In this talk, I will present a short overview of the quantum theory, followed by several examples where quantum theory can be used to gain a deeper understanding of classical optical communication systems or in order to create system with new functionalities only achieved by quantum manipulation. I will present cutting-edge research work done within my research group and within other research groups in this fascinate field.

Seminar 3

Speaker: Nuno Borges Carvalho, UA/DETI
Title: RF solutions for Indoor Location Based Systems
This talk is aimed at the explanation of location and positioning technologies for indoor environments. In the seminar some techniques for location systems, as angle of arrival, time of flight, differential time of flight, and RF fingerprinting, will be addressed and explained. It is expected to be able to make an overview of the most used schemes for this type of systems, and present some practical solutions for location in indoor environments.
The main problems associated with these schemes will also be addressed as some proposals for error minimization, in the path for this explanations basic concepts as system modeling using nonlinear approximants will also be addressed, specially neural networks modeling approaches for location schemes.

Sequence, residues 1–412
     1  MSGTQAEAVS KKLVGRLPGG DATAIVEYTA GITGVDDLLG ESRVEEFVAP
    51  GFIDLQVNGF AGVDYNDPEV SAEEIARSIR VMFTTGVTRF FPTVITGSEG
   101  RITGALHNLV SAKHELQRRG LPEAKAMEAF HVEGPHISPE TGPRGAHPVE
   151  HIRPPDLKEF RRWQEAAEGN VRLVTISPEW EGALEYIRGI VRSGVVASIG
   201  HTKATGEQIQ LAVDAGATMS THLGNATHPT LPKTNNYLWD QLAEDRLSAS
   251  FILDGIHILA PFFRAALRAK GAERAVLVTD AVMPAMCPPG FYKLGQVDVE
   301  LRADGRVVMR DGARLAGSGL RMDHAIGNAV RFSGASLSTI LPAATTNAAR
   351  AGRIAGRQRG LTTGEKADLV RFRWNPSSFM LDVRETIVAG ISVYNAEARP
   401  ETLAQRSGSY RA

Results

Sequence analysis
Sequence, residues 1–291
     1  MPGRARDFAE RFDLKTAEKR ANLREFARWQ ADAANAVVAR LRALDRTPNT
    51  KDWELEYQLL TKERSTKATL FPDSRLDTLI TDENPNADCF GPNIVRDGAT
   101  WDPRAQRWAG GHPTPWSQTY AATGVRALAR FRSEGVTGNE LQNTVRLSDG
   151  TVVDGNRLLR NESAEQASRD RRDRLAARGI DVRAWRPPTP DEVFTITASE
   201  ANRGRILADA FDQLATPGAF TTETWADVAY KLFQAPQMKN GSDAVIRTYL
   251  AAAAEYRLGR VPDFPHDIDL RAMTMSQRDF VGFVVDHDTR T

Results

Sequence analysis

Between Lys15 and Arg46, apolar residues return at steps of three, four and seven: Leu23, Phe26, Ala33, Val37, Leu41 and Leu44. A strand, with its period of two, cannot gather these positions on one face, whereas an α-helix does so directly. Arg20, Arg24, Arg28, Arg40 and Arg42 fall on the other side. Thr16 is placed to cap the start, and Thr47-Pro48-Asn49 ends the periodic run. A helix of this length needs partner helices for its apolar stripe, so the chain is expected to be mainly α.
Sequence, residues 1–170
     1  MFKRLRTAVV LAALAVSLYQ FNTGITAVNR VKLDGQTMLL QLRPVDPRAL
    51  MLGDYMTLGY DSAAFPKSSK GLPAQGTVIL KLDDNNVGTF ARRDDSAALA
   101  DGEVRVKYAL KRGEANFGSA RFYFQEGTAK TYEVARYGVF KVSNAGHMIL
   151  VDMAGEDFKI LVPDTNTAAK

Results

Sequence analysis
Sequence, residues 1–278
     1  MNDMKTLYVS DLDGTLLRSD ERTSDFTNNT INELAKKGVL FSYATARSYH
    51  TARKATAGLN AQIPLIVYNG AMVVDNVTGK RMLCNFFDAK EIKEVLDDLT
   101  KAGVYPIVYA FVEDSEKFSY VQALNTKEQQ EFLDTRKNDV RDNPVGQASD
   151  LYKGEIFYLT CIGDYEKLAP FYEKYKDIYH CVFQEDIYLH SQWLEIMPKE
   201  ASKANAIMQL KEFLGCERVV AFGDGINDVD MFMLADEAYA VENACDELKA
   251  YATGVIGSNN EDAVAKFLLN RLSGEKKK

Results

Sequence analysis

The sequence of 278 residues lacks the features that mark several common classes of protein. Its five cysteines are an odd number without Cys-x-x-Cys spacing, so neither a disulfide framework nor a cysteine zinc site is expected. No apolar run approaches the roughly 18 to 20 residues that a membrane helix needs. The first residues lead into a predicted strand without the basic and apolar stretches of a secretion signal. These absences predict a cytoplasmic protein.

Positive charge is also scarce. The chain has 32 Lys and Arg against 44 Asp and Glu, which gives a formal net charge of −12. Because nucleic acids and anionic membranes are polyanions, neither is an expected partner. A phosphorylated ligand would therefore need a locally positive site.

Seminar 4

Speaker: José Carlos Pedro, UA/DETI
Title: Digital Transceiver Architectures – A New Paradigm in Wireless RF Sub-System Design
The possibility of incorporating digital signal processing techniques in current wireless transceivers, has opened new fields of research in the RF sub-system architecture, promising a shift of paradigm on near future wireless circuit design. So, this Seminar aims at describing the advances and challenges that are expected with such a change of paradigm.
For that, the talk will address both the system architecture and RF circuit implementation levels. In the first case, we will briefly describe the newly proposed digital LINC, Cartesian and Polar TXs, and compare them to the conventional analog Cartesian or I/Q modulator based architecture. Although theory has predicted outstanding performances from these digital architectures, their conversion into real wireless RF front-ends is limited by the non-idealities of RF circuitry. Therefore, we will show how it is needed to put together researchers of RF electronics, control theory and power supply converter technology to address both the system level and implementation aspects in an integrated way.

Seminar 5

Speaker: Carlos Lima, DEI/UM
Title: Smart Antennas
A smart antenna system combines multiple antenna elements with a signal-processing capability to optimize its radiation and/or reception pattern automatically in response to the signal environment.
A wide range of wireless communication systems may benefit from spatial processing, including high-mobility cellular systems, low-mobility short-range systems, wireless local loop applications, satellite communications, and wireless LAN. By employing an array of antennas, it is possible to multiplex channels in the spatial dimension just as in the frequency and time dimensions. To increase system capacity, spatially selective transmission as well as spatially selective reception must be achieved.